Home»
Horsham today
»
Horsham Past
»
Current issues
»
Planning»
Articles
»
Archive»
Publications»
Walks
»
Links
»
About us
»
 

 

 Archive

October 2007 

NHS Primary Care Trust meeting

On 15 October 2007 the West Sussex County Council held one of its series of 18 meetings to discuss its response to the public consultation by the newly established NHS Primary Care Trust serving West Sussex (1) on setting up of a major general hospital and reorganising the three district general hospitals in the area at Worthing, Chichester and Brighton.

The consultation, which closes on 30 October, invites views on three Options which have been worked up with doctors, nurses and other health professionals, local authorities, voluntary groups and selected members of the public.

Option A proposes upgrading the district hospital at Worthing to a major general hospital at Worthing supported by a local general hospital at Chichester (St Richards) and a community hospital at Haywards Heath (The Princess Royal).

Option B also proposes upgrading the district hospital at Worthing to a major general hospital but supported by two local general hospitals, one at Chichester and the other at Haywards Heath   

Option C proposes upgrading the district hospital at Chichester to a major general hospital supported by a local general hospital at Worthing and a community hospital at Haywards Heath. 


The hospitals

Major general hospitals provide acute medicine, accident and emergency srevices, inpatient children’s services, emergency surgery and consultant-led hospital births to serve a population of 300,000 or more.

Note: the PCT seems to have some doubt about the true figure; it could be as high as 450,000.

Local general hospitals provide an urgent care centre, surgical beds and surgical day cases, a range of diagnostics, outpatient clinics and rehabilitation and beds for those with some special medical conditions to serve a population of 150,000 to 200,000

District general hospitals provide a range of clinical services, but not specialised services, to serve a population of about 150,000.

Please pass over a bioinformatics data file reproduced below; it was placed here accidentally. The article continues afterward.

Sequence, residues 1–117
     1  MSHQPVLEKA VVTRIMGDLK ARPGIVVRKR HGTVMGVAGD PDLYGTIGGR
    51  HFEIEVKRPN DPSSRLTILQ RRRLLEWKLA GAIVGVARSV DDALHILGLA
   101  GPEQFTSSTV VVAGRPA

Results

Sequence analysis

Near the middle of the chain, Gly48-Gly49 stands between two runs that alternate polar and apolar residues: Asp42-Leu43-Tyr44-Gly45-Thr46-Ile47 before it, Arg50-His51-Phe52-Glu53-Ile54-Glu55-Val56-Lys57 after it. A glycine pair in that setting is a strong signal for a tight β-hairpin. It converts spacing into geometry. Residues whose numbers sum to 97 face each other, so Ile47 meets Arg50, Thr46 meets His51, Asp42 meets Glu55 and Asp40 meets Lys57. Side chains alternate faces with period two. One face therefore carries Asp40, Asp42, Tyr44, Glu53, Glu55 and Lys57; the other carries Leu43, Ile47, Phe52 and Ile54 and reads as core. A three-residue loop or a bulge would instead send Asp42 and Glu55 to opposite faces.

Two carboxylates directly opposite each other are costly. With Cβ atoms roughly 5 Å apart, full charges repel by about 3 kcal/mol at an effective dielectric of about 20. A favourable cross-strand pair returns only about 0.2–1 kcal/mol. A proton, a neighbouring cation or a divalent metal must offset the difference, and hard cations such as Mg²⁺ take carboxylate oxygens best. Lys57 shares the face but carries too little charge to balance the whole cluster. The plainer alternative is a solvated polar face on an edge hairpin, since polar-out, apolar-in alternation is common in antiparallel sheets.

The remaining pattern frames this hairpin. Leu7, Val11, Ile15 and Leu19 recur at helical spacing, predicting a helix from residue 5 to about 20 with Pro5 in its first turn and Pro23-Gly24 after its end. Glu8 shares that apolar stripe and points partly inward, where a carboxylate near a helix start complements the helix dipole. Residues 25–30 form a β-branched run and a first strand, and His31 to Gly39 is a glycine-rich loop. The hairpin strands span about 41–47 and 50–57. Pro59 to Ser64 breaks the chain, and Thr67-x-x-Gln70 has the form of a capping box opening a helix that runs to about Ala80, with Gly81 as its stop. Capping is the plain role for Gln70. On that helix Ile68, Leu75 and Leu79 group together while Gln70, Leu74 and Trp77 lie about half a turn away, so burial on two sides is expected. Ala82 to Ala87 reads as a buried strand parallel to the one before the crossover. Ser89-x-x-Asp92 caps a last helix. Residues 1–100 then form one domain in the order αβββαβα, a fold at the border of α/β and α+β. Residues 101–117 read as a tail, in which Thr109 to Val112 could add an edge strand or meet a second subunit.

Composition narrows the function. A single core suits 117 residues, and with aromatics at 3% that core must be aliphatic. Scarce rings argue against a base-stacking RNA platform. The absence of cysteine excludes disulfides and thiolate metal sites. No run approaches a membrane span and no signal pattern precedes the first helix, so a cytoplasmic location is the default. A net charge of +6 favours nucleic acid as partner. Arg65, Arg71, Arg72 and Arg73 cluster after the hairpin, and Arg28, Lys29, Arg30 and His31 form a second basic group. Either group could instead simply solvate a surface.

Community hospitals provide a minor injures unit, some diagnostics, community and rehaibilitation beds and teams odf staff from from health and social sevices working tgether to support people to live independantly to serve a population of less than 100,000.

Below these come the local hospitals, such as Horsham and Crawley, and the raft of community health and social services.


Issues summarised by the PCT speakers
.

First, the need to provide ‘top of the skill’ specialist consultant training and to support some specialist equipment requires the catchment area of a major general hospital

Second, the long-term intention is to provide as many services services as possible at local community level.

Third, while the PCT has to eliminate its present deficit of £100m over the next two years, the purpose of the proposed reorganisation of the hospitals is not to reduce spending but to ensure that it is distributed to the best advantage and community services have a crucial part to play.


Issue raised by questioners

The population of West Sussex is concentrated in two main areas - the coastal strip and the Horsham/Crawley conurbation. This has implications for siting only the one major general hospital proposed although, as the population of the County is some 750,000 and growing, it was suggested that, asssuming a catchment area of say 350,000, there is a case for a second presumably sited to serve the needs of the north of the County, Gatwick Airport and the M23 and M24 motorways. There is also a strong demand for access, closer than the coastal strip, to the less specialised but more frequently used services, such as maternity and accident and emergency units.

A site for a second general hopital at Pease Pottage has been proposed and the Crawley Local Development Plan also provides an alternative site west of Crawley. According to the PCT neither has been judged to be clinically sustainable, financially sustainable and deliverable but at least part of the reason seems to be that, while each PCT is responsible for the provisions in its area, it is always possible for patients to express a preference for a facility outside it and this could tend to draw patients from the Surrey hospitals which, as they have spare capacity, would be further destabilised. This seems unlikely as the Surrey hospitals are not popular with West Sussex patients or their families. Be that as it may, the PCT has indicated that it will revisit the issue when the responses to the hospital consultation are known.

The PCT has plans in hand for a second consultation on the community services such as Doctors’ Surgeries, Practice Nurses, Pharmacies and health promotion for which it is responsible, also for other services such as care in the home and other social services. The PCT also has its eye on a share of section 106 Agreement monies. This raises the issue of ‘cost-shunting’and the PCT was criticised for not combining its  hospital and community consultations.

To conclude - we were exhorted to sign the WSCC’s petition calling for the PCT’s  options to be reviewed.

Oliver Palmer


(1) Creating an NHS Fit for the Future’ West Sussex Primary Care Trust  2007